I have been dreading July 1st. It is the day WDUQ will cease to exist.
The Pittsburgh radio station, my former employer, will retain its call letters for now. But the station is changing owners as well as format. And once the sale becomes official, the call letters will change, too. It’s upsetting for me personally, because some of my former colleagues have been told there’s no place for them at the new station; others, seeing the writing on the wall, have already left to pursue other opportunities. People who have worked there call themselves the ‘DUQ family, and it really does feel like one. Kevin Gavin and Alexandria Chaklos gave me some of their unused furniture when I first moved to Pittsburgh. Chuck Leavens helped me when I was locked out of my car. I still get birthday cards from the station, even though it’s been almost two years since I left. It’s heartbreaking to watch that family split up.
But it might not just be a loss for those of us who have worked there. As a former news reporter and anchor at the station, it might surprise you that I’m against the loss of jazz programming at WDUQ. After all, the amount of local news content will apparently increase, according to Essential Public Media, the new owner. I appreciate that the station will have a local interview/call-in show, and a weekly program dedicated to local public affairs issues. I look forward to seeing what PublicSource will do in its partnership with WDUQ. But it remains to be seen whether the changes EPM will bring will result in better community service.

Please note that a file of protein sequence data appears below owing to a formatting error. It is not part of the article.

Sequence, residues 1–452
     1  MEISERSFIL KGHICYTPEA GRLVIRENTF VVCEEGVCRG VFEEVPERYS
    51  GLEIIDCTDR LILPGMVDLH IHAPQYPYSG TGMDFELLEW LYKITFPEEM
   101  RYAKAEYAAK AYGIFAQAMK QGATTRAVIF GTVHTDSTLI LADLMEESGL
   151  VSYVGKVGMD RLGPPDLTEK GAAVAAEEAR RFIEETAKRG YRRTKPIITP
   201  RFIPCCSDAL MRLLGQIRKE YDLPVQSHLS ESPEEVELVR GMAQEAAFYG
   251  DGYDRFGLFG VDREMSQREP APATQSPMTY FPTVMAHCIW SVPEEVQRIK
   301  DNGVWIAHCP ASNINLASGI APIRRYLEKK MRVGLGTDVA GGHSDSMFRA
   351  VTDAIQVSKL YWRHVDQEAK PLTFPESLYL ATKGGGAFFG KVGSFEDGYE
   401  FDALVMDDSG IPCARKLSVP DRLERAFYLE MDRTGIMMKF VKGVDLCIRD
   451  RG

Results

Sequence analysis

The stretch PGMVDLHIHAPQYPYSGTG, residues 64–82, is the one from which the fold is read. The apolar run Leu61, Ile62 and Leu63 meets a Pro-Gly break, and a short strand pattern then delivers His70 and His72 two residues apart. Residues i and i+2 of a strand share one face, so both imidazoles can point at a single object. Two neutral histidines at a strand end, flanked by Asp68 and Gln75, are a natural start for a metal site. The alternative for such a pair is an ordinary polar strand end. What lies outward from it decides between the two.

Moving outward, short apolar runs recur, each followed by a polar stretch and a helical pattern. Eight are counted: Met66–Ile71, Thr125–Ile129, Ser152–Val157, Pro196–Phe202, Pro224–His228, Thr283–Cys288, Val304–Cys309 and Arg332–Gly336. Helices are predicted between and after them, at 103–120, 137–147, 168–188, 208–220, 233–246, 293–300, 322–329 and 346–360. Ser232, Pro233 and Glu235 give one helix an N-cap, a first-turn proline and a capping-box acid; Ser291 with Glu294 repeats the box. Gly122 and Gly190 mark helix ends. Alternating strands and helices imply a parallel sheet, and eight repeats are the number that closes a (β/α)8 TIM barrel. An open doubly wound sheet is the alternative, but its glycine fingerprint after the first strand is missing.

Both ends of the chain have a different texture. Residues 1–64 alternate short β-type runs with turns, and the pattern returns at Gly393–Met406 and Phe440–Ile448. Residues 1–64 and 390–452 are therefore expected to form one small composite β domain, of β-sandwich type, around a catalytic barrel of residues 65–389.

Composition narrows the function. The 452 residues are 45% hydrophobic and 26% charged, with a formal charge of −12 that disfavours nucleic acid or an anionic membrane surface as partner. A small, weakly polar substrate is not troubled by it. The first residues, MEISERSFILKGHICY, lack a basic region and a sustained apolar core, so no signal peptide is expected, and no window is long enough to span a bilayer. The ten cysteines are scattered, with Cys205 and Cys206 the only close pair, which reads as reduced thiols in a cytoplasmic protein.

EPM has suggested that going all-news at WDUQ will improve community service. In one press release, EPM cited that “Pittsburgh is one of only two U.S. cities in the top 35 radio markets without a full-service NPR news and information station.” While Pittsburgh’s absence from this club certainly warrants some examination, it’s not clear what exactly listeners are missing. Are people who live in these other top radio markets better served by “full-service” stations? How do we know? Are they more engaged in civic life? Are they more aware of their history? Are their institutions held more accountable? These aren’t such easy things to measure.
It’s also not so easy to compare WDUQ to those other big markets with “full-service” NPR news stations. Their offerings vary widely. Some full-service stations even play music. KJZZ in Phoenix (the 15th-largest radio market; Pittsburgh is 25th), for example, airs jazz at night and on weekends. Its weekly schedule includes 49 hours of jazz. The new WDUQ will have six.
By the way, EPM’s claim that it is actually increasing jazz programming is not accurate. EPM has said that 90.5 FM currently airs about 100 hours of jazz per week, but will “expand” to 174 hours when you combine airtime on 90.5 FM, its HD channels, and online. The trouble is, it’s not an apples-to-apples comparison. WDUQ already airs jazz programming on its HD-2 channel (49 hours per week) and online (168 hours per week).
That aside, let’s be frank: HD radio hours are not the same as terrestrial radio hours. Despite the high hopes of people in the industry, HD radio has not caught on. Maybe it will, someday. But at this point, a lot of people still don’t even know what it is.